“Once again, the feds are penalizing our cash-strapped Sandy victims, who have already endured years of aggravation and unjustified denial of flood insurance claims, by requiring them to give back the belated NFIP settlement funds they so desperately need and deserve. We should be maximizing the support that homeowners receive and must use every tool in our toolbox to ensure that homeowners keep any aid they receive. I strongly urge HUD to waive its ‘duplication of benefits’ recoupment policy in this unique situation, given the circumstances surrounding these victims, including evidence of widespread fraud and years of hardship,” said Senator Schumer.

“New York homeowners are still working to rebuild nearly three years after Superstorm Sandy, and we need to make their work easier not add to the aggravation,” said Senator Gillibrand. “HUD should absolutely waive its policy so Sandy victims can keep the flood insurance money they desperately need.”

According to federal court records and news reports, evidence supports allegations that private insurance companies unjustly and arbitrarily denied the flood insurance claims of thousands of homeowners affected by Superstorm Sandy, many based on suspect engineering reports. More than 1,000 property owners filed lawsuits in U.S. Eastern District of New York against insurers over flood insurance claims that were denied or underpaid in the wake of Superstorm Sandy. Schumer and Gillibrand have been strong advocates for Sandy-victims impacted by the potentially fraudulent denial of their flood insurance claims. For instance, after their push, FEMA agreed to reopen and review any flood insurance claim—of the approximately 144,000—filed by Superstorm Sandy victims, in addition to the thousands already in litigation.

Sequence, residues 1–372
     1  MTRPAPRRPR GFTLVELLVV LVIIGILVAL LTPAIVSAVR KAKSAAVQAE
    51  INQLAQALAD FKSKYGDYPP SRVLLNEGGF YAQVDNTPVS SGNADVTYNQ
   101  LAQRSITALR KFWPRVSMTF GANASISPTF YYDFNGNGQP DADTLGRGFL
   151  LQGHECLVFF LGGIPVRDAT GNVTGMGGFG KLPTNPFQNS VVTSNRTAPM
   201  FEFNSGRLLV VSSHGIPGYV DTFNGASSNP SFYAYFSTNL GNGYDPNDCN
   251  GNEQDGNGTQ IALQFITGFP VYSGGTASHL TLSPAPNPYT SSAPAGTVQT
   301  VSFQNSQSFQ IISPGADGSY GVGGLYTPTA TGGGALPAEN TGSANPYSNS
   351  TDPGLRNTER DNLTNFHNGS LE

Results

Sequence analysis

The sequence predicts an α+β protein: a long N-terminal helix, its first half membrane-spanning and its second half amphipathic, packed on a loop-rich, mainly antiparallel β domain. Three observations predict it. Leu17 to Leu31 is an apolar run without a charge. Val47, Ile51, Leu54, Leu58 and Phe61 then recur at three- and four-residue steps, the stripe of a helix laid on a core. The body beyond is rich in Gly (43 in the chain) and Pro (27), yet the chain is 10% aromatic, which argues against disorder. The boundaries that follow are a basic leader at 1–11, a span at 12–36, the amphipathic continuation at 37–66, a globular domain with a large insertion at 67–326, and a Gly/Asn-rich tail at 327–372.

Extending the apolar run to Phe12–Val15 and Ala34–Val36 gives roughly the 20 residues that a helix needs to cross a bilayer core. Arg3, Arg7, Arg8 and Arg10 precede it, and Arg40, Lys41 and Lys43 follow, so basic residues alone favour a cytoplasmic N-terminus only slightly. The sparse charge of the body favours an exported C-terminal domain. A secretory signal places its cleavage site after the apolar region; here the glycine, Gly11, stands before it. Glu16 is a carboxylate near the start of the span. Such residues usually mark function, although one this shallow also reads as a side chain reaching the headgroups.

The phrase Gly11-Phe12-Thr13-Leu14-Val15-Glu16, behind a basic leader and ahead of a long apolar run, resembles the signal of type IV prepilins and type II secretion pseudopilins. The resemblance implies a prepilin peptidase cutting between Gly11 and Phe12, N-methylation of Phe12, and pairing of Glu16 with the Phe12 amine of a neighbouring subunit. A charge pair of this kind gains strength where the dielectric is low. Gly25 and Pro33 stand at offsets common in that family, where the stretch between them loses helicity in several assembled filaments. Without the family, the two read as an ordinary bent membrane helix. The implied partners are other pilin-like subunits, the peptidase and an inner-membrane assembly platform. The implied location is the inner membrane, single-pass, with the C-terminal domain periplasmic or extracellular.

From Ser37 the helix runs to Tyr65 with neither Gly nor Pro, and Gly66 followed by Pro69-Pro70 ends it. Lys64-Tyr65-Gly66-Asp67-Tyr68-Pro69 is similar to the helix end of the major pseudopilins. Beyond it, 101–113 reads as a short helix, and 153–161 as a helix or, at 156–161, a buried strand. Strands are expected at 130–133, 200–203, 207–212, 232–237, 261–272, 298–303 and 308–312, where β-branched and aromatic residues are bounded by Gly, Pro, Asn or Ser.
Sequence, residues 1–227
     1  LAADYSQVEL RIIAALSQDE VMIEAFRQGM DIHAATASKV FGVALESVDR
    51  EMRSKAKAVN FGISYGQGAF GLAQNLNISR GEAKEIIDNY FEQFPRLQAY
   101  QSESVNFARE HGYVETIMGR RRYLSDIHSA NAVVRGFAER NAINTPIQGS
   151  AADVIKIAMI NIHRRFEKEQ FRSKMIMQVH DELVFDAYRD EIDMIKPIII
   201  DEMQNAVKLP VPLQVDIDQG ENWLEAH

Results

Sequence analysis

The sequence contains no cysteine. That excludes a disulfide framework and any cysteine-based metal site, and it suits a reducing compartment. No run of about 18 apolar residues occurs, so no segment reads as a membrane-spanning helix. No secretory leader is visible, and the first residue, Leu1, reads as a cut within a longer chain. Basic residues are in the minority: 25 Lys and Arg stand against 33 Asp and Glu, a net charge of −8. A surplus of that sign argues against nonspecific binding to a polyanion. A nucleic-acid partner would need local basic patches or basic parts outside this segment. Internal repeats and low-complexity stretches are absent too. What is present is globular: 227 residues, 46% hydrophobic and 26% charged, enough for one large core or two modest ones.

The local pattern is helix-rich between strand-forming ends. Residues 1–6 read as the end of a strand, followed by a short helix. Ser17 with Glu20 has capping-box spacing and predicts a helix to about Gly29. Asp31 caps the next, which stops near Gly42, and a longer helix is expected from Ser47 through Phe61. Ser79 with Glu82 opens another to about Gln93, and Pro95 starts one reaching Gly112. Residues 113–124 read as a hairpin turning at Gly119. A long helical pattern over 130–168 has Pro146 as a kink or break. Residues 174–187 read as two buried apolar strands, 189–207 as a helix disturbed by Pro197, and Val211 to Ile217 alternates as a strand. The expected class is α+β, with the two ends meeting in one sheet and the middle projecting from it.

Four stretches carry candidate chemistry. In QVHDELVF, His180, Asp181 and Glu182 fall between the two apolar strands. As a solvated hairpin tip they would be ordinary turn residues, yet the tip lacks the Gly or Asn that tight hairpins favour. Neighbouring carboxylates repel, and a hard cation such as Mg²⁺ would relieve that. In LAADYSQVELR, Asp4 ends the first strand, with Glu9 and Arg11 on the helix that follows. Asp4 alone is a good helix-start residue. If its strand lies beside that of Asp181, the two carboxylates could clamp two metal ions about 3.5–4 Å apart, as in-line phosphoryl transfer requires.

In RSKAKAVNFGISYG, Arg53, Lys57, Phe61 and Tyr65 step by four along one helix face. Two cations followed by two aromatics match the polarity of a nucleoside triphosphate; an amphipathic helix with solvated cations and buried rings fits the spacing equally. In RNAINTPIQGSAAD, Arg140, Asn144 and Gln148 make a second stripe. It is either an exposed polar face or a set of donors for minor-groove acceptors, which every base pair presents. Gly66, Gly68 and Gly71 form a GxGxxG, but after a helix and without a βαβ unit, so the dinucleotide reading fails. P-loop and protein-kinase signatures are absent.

Despite the long battle of fighting for these desperately needed funds, Superstorm Sandy victims are now facing another hurdle involving the “duplication of benefits” policy that requires homeowners to use their FEMA NFIP insurance money to repay federally-financed CDBG funds they received via New York Rising and Build it Back. Under current law, “duplication of benefits” is not permitted in connection with the provision of supplemental disaster assistance such as CDBG. HUD regulations provide that CDBG disaster assistance is supplemental in nature, and designed to cover “unmet needs,” i.e., needs not otherwise covered by insurance.

Schumer and Gillibrand today said that NFIP settlement funds should not deemed as a “duplication of benefits.” Schumer and Gillibrand cited a federal statute that says, “The agency which provided the duplicative assistance shall collect such duplicative assistance from the recipient…when the head of such agency consider it to be in the best interest of the Federal Government.” Schumer explained that this statute gives the Secretary of HUD the ability to waive NFIP settlement funds as a “duplication of benefits.” Schumer said the Secretary of HUD should deem a waiver of this requirement because these homeowners have had to wait years for this funding due to fraudulent activity, in part by the Federal Government’s lack of oversight, and have to fight private insurance companies, leading to unnecessary aggravation. Schumer and Gillibrand said that these Sandy victims should be entitled to the full relief they desperately deserve.